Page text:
Beetles! Emerald greens.

Hello! Welcome to my Beetles! series. I am the behind-the-scenes photographer in the beetles department at the Natural History Museum (aka the ‘Coleoptera section of the Terrestrial Invertebrates Division’). The collection is an enormous jewel box of six-legged beauty, and I’ve got plenty of photos to share!

My favourite thing is colour, and unsurprisingly, that’s probably my favourite thing about the museum’s beetle collection. Drawer after drawer after drawer, there are beetles in shocking blues and velvety browns and luminous golds.  I could never pick a favourite beetle, but I have a particular fondness for those covered in green: shimmering emerald metallics, dark mossy hues, or glossy vivid greens. Nature’s colour palette is absolutely top notch.

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I’m currently working on a painting featuring beetles and foliage, and these green guys have been providing more than their fair share of inspiration. (You can see some of my preliminary sketches here and here.)

Over the past few weeks, I’ve been collecting lots of visual inspiration for my project, and have come across lots of other artists and designers who have incorporated beetles into their work, some more literally than others. See: Necklace made from real beetle wings.

Helena-Maratheftis-emerald-beetles--07Above: A close up of Derbyana oberthuri, a specimen collected in Tanzania.

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Helena-Maratheftis-emerald-beetles--06Now, let me make one thing clear: there is much more to beetles than colourful exteriors. They are an astonishingly massive and diverse group of beings, and the more I learn about them, the more fascinated I become. However, just because they have Real Scientific Value doesn’t mean that we can’t admire how they look and, as the resident artist, I’m pretty sure that’s my job!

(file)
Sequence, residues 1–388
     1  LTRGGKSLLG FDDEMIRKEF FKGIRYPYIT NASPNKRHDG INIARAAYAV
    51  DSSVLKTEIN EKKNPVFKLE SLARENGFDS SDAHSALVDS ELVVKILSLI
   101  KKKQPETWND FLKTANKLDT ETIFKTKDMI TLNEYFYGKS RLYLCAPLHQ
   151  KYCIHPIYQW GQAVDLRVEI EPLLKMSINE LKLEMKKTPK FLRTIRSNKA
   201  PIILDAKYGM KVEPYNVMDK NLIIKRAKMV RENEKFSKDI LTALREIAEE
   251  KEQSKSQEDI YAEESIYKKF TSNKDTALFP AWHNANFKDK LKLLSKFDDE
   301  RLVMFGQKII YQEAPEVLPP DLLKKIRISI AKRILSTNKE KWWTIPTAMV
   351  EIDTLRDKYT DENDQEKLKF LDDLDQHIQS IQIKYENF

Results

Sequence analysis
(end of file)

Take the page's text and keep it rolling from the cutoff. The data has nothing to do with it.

p.s. This is my first Beetles! post since June (whoops!) but that’s not because I haven’t been busy at the museum. I’ve got a set of exciting photos to reveal, but that won’t be until next month. Watch this space!

Beetles! Photographing Gold & Stripes.

Hello! This is part of my Natural History Museum series – I’ve been taking photos for the beetles department (officially known as the ‘Coleoptera section of the Terrestrial Invertebrates Division’)! I will be sharing my favourite images with you every week, so stay tuned!

Today I’m showcasing some stripy, golden beauties (click here for a detailed close-up). Aren’t they stunning? I love the contrast of soft metallic gold vs. glossy black stripes and swooping antennae. Have a look:

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Helena-Maratheftis-gold-stripes3Helena-Maratheftis-gold-stripes5My (accidentally) matching gold nails and black ring.Helena-Maratheftis-gold-stripes2

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Nature: Just Too Cool. When I stumble across specimens like these, I can’t help but marvel at how much style nature has. I’m a complete sucker for shiny metallics and bold stripes (in case ya hadn’t noticed), so it’s nice to know that I share the same tastes as mother nature!   Those are my hands in the photos – I happened to be wearing matching nail polish and jewellery on this particular day, which made me extra excited.

Click here to see other Beetles! posts in this series.

Beetles! Pins, more pins, and perfect shapes.

Hello! This post is part of my Natural History Museum series – I’ve been lending my photography skills to the ‘Coleoptera section of the Terrestrial Invertebrates Division’ (which roughly translates as ‘beetles department’). I will be sharing my favourite images with you every week, so stay tuned!

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This week I want to show you some pins. Yes, pins. Have you ever looked at museum specimens? If so, you may have noticed that they’re perfectly laid out, with their six wiry limbs in a neat, symmetrical arrangement – see above. Unfortunately, this does not happen by magic. It is done with pins, and lots of precision.